Hope this helps give you some insight on how it's done on the West coast... Stay safe, CB
We have Southstar... It's ETA is usually around 18 minutes.... County puts them on standby when they get a call that they think may need them. Then either the EMS crew, fire chief, or Life Support tells them to fly. Our LZ is usually on scene. EAch trauma center is 25-30 minutes away, but usually we use them when there's bad entrapement or diffucut to get the pt out of such as a peach orchard in the mud.
Central/Northern CT has Lifestar out of Hartford Hospital. They ususally take 15-18 mins. to get out to Stafford. They have just started a pilot program in Tolland County to Autolaunch on receipt of an apparent critical call, i.e., mva w/ejection. They have 2 helicopters in their program. We also have the option of a helicopter out of Baystate in Springfield, MA or another out of Worcester, MA. Obviously, they would take longer. We might have them land at or near the scene, or do what's called a "modified scene" where the helicopter meets the ambulance at the helipad at Johnson Mem. hospital (JMH is not level 1 trauma). Air transport is probably one of the best programs to ever come to EMS. Just my two cents. TJC
"The local ERs are, well, not exactly trauma centers. However, they have these things called......doctors, x rays, labs, ect".

"We either transport to the ER and meet the bird, (before or after a doc sees the pt in the ER) or we have a scene landing and the patient is transported via the bird to the trauma center".

Veterinary hospitals have the above, but I'm not sure that a patient suffering major trauma or illness would be getting the best care. I've had many disagreements fights over transporting a patient to a trauma center or to a local band aid station. If a patient warrants a helicopter ride, then they go to the trauma center. Why are we going to waste time taking a patient to the local hospital which , yes can take x rays, maybe a CT, do labwork, only to have them die waiting to be transferred to a facility which can do all that and fix it too.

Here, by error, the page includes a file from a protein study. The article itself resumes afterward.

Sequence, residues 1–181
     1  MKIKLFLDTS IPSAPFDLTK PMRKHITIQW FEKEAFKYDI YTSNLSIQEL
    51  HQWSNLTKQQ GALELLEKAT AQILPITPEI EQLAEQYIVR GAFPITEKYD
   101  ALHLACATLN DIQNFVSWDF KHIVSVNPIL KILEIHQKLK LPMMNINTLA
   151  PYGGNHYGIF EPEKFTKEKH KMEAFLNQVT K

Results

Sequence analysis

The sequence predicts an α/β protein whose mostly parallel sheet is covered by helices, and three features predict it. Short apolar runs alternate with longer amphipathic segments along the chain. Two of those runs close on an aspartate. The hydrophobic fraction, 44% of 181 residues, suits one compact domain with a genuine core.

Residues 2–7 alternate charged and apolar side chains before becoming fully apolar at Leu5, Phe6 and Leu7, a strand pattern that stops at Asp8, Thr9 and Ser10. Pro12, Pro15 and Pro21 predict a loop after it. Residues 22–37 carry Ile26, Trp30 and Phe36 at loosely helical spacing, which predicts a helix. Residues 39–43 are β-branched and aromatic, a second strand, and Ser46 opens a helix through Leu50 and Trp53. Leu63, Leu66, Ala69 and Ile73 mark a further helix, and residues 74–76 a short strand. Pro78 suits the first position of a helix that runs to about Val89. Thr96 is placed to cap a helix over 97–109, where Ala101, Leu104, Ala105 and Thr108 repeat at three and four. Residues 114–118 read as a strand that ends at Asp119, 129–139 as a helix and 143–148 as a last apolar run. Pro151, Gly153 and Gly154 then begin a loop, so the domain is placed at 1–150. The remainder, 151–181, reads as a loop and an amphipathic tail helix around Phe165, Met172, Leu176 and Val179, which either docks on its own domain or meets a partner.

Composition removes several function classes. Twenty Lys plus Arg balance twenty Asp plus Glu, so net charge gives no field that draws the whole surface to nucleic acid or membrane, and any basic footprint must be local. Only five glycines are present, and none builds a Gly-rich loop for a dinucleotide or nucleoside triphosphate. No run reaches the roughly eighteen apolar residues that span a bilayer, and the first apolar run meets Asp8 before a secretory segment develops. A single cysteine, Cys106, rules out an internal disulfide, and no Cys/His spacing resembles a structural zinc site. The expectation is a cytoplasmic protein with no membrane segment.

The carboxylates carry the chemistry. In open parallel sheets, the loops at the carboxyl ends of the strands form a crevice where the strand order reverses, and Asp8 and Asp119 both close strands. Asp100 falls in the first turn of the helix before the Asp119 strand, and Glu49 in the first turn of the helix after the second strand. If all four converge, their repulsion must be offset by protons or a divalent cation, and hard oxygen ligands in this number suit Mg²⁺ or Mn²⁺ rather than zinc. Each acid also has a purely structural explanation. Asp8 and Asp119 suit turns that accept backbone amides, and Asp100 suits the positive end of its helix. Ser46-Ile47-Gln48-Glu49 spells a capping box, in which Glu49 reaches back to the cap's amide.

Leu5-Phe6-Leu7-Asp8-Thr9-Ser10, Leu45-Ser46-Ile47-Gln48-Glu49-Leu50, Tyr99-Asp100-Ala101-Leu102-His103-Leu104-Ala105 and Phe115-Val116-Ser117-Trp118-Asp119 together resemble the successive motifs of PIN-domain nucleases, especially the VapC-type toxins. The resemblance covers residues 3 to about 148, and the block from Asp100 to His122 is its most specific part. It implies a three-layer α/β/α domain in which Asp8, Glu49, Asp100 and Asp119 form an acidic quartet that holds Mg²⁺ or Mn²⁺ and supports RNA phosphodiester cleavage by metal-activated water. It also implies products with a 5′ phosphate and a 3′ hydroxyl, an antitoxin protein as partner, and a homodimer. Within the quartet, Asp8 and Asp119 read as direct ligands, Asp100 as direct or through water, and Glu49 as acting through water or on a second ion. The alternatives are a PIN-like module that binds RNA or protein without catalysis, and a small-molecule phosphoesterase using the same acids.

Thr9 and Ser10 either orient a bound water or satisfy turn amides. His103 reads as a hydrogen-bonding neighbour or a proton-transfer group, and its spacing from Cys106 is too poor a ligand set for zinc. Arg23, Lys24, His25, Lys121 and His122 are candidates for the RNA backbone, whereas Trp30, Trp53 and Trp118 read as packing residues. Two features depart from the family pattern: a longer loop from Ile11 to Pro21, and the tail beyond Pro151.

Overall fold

I would have some concerns involving EMTALA, COBRA, or what ever the law is called in your state. These laws are pretty straight forward about dumping patients on other hospitals. There is an investigation underway now about a local service and hospital allegedly violating EMTALA when utilizing Hospital property to fly a patient to the trauma center.

To answer your original question anne,

Depending on the call information we get, we might place them on stand by, but usually will just call them out once we arrive on scene and do an evaluation. Sometimes LE calls for them before we get there. I have many predesignated LZs in the area with known coordinates if there is not a good place to land them at the scene.

Also, we do not only use them for trauma. Rapid onset CVA,s may be flown and some cardiac related issues as well. If there is going to be >20 flight to scene, we usually load and go.
EMS dispatch is pretty good about auto-lifting an aircraft from information they receive from the caller here. But the EMS unit responding to the scene monitors our frequency so it's pretty easy to recommend an aircraft once we get on scene. We are only 15-20 min flight time from 2 Level 2 Trauma Centers so we are pretty fortunate.